Different breeds of dogs.
by Dennis Fisher
This article is one of a great many articles written by Dennis Fisher about a very wide variety of subjects concerning different dogs, such as obedience training, breeding, showing, health matters, training problems and other subjects. All these articles appear on Dennis Fisher's websites. Visit http://www.allaboutgermanshepherddogs.com the site that has been set up specifically for German Shepherd Dog enthusiasts, or http://www.freedogadvice.com if you interested in a breed other than German Shepherd Dogs
The color of the Giant Schnauzer is either entirely black or a pepper and salt combination of black, gray and silver with touches of white.
Because the coat is heavy, it does require a fair amount of grooming and the undercoat has to be stripped on occasion.
Cropping of the ears in countries like the United States and Europe, where cropping is allowed, is optional in so far as the shows are concerned. In other countries the dogs are shown with the normal hanging “V” shaped ears.
Although it is a large breed it does not require as much exercise as some other “working” breeds.
This large dog, often a little more than 27 inches at the shoulder is a highly intelligent animal that does respond to training but the training must be carried out by an experience trainer with knowledge of the breed. It is by nature a very dominant dog and from an early age it must be taught to respect the owner.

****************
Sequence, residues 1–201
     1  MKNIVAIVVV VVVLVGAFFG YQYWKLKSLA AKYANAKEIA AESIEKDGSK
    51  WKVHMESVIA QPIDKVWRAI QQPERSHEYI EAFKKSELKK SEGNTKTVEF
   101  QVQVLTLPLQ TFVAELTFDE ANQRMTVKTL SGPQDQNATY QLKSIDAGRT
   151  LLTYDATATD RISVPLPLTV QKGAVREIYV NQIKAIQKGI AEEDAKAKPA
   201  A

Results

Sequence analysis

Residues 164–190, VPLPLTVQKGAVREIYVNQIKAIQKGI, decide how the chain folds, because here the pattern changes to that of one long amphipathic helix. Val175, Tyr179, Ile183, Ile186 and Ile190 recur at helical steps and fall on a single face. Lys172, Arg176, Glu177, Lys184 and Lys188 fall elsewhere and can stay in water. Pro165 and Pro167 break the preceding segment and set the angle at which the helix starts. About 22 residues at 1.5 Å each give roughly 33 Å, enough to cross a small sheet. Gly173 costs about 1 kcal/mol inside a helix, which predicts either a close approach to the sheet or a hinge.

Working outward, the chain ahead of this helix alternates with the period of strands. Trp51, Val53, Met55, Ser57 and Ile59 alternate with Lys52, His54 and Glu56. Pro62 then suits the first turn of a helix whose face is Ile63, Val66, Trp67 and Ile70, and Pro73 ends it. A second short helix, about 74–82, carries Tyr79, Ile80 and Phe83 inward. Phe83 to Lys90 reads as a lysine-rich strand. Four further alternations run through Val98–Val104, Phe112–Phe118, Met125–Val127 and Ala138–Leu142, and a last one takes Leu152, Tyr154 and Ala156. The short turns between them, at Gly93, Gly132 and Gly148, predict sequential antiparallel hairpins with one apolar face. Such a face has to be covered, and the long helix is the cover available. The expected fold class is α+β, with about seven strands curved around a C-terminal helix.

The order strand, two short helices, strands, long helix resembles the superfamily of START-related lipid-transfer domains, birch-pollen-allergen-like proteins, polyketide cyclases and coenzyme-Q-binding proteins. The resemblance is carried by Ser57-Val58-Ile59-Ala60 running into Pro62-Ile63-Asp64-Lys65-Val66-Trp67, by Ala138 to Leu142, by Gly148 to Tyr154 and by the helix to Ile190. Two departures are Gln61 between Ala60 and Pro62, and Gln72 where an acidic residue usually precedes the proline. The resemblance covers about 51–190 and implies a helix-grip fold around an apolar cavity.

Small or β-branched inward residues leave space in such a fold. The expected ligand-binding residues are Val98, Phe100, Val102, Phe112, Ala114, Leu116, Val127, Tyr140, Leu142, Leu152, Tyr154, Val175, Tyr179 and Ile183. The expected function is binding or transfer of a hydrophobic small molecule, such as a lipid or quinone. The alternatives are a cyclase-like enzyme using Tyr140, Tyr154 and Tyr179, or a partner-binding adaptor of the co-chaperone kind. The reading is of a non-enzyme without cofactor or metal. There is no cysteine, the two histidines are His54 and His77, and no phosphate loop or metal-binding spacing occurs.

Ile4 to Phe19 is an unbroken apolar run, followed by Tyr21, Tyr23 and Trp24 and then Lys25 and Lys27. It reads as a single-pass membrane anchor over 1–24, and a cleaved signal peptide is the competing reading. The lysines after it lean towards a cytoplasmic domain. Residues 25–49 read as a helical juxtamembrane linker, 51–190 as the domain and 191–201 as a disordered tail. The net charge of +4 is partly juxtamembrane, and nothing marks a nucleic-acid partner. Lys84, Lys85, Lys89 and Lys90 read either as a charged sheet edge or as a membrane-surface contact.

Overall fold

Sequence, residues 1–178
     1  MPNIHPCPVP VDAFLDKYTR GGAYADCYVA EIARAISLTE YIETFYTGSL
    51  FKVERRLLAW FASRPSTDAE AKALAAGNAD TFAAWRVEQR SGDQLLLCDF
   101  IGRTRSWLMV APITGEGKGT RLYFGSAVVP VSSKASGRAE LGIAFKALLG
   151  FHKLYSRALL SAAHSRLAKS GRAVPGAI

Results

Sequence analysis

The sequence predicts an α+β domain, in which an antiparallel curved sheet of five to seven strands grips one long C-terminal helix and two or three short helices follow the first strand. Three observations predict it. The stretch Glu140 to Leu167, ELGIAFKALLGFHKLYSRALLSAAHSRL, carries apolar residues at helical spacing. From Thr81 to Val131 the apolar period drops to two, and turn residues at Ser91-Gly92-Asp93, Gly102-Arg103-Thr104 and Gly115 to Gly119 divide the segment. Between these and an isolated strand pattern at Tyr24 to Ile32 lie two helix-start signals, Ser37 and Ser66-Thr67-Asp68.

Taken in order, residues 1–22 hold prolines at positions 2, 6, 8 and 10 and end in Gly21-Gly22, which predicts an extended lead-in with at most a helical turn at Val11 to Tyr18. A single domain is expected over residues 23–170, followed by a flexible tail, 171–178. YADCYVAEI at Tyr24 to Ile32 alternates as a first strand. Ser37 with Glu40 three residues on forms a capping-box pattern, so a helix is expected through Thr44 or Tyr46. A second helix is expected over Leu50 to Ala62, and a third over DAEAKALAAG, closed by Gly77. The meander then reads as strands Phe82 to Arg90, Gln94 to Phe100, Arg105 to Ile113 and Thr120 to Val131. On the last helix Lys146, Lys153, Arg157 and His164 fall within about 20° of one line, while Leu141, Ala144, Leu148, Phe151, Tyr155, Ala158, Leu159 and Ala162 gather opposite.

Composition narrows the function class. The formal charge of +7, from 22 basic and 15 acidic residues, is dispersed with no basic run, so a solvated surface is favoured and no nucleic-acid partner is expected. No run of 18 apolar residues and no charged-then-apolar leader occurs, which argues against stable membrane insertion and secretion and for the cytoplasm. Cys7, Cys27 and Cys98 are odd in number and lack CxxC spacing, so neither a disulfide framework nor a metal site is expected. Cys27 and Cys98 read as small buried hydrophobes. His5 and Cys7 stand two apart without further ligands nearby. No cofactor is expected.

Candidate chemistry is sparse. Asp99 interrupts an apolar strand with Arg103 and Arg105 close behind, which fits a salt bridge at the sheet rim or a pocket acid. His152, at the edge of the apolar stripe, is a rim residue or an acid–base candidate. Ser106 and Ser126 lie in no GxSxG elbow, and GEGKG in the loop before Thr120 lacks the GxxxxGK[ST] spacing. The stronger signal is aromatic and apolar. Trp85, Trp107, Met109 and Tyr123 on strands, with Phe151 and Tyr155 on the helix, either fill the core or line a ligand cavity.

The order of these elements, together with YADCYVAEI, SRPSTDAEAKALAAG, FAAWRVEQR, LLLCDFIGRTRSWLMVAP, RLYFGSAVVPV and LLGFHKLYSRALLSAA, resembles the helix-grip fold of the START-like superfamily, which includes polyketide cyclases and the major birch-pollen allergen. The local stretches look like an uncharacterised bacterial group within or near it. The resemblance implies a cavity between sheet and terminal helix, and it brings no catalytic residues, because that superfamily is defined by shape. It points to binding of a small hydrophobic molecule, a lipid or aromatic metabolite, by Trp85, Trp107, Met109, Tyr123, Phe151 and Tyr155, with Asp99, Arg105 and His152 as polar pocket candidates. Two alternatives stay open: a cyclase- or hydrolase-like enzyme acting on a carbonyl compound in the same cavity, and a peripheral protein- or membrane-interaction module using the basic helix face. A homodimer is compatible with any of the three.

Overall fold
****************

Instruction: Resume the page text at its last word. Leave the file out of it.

This is not as easy as it sounds and a mild-mannered, gentle, patient approach may not be as successful with this breed as with many other large breeds of dogs.
Whereas with some breeds only a fairly mild correction is necessary where the animal has shown disobedience to commands, with the Giant Schnauzer firmer training methods may be necessary. This does not necessarily mean harsh training methods, but the dog must not have any doubts whatsoever as to who is the boss.
Giant Schnauzers have done very well indeed in Obedience competitions and have often held their own against the more popular well-known breeds that are competition specialists.
But I believe that the reason for this is because these winning Giant Schnauzers were handled by highly skilled, experienced owners who knew precisely how to train a Giant Schnauzer.
It is an animal that has been successfully used in Police work.
My experience of the smaller schnauzer in my training classes seems to indicate that even with the smaller, far less powerful Schnauzers, although very intelligent, they are self-willed, obstinate dogs that required very firm handling.
With a dog as large and as powerful as the Giant Schnauzer it is obviously essential to be in complete control at all times.
It is worth while repeating that firm training does not necessarily mean harsh or cruel training methods, but it does mean that the Giant Schnauzer has to respect the trainer who must insist that all commands are carried out whether the dog wants to or not! .
It is a breed that is extremely devoted to the family and very protective but because some specimens are so dominant it may not be the ideal animal to have around with young children whose authority the animal will not readily accept.
All things considered, in spite of the Giant Schnauzers fine qualities as a guard dog and as a loyal companion for an owner it has been trained to respect, it is not necessarily a suitable dog for all families.